Also consider that angler participation has increased dramatically (number of anglers, days spent on the water by those anglers), which means many more people keeping fish as well as releasing fish. Remember, also, that even released fish are thought to have a 10% catch and release mortality rate (US marine and fisheries commission, DFO 2014).
So what does this mean? If the argument is that we need to reduce the bass population size to 50,000 spawners, then 50,000 must be the number of spawners that remain after:
- All recreational harvest (which is unknown)
- All catch and release mortality (also unknown)
- All illegal retention (again unknown)
- All-natural mortality (thought to be highly significant in winter 2017; possibly playing a part in decreasing population from 994,000 down to 333,000 in 2018 despite recruitment, which would have greatly increased spawning abundance in 2018)
- All commercial harvest (there is a quota, but the catch is variable)
This remaining population must still be strong enough to produce sufficient offspring to meet the demands of this completely unknown and ever-increasing harvest despite annual seasonal weather variability that can significantly affect juvenile survival and spawning success. Also, consider that there is a very high error in current population estimates on the order of hundreds of thousands of individuals and that DFO defines “spawners” by size and not as a sexually mature fish. A proportion of “spawners” after having been tagged by DFO in the spring have been re-captured unspent—meaning they were not actually mature (Bradford and Chaput).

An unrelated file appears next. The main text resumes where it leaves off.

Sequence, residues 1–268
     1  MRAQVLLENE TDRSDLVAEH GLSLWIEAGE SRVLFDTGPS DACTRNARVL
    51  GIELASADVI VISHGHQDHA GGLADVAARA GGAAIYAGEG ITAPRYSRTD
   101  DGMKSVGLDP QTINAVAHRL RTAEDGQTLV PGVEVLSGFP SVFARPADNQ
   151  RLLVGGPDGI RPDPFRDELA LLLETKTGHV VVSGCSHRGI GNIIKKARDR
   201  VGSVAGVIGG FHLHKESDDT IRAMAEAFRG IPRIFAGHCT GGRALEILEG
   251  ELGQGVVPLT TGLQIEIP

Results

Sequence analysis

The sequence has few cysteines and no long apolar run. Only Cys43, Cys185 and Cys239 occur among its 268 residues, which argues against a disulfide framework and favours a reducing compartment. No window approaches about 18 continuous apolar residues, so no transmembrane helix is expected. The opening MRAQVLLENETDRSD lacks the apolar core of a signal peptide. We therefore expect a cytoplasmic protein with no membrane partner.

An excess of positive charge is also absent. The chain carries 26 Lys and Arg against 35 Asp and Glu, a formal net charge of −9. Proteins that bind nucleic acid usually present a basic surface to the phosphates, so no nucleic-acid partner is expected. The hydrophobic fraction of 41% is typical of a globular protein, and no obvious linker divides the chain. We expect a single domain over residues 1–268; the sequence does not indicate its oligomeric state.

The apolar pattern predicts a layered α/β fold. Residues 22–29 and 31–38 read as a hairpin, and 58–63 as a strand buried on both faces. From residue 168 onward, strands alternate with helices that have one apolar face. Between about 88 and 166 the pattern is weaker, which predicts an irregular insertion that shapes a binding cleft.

Political pressure to protect this fishery and defend all non-traditional species will require a grassroots angler movement. Other groups like MSA are pushing an immediate reduction in striped bass to 50,000 fish, supported by New Brunswick Salmon Council, Atlantic Salmon Federation, and many other salmon groups. This would effectively destroy the recreational striped bass fishery and the huge economic boom it has brought to Miramichi.
We as anglers must be the first line to defend our fishery by practicing hook and release fishing and letting the biggest fish go so they will produce more fish with the best DNA. Encouraging participation while educating others on the mistakes of the past is crucial, as natural resources are limited and fragile. Let’s make sure they last.
Educating returning anglers to become conservationists as they move into these non-traditional species will be a tall order. But one we must fulfill to protect these trophy class fisheries from mistakes of the past!
Remember: “Catching is more fun than fishing.“
“Release them for the Kids.”
- Jeff Wilson, Professional Angler and Conservationist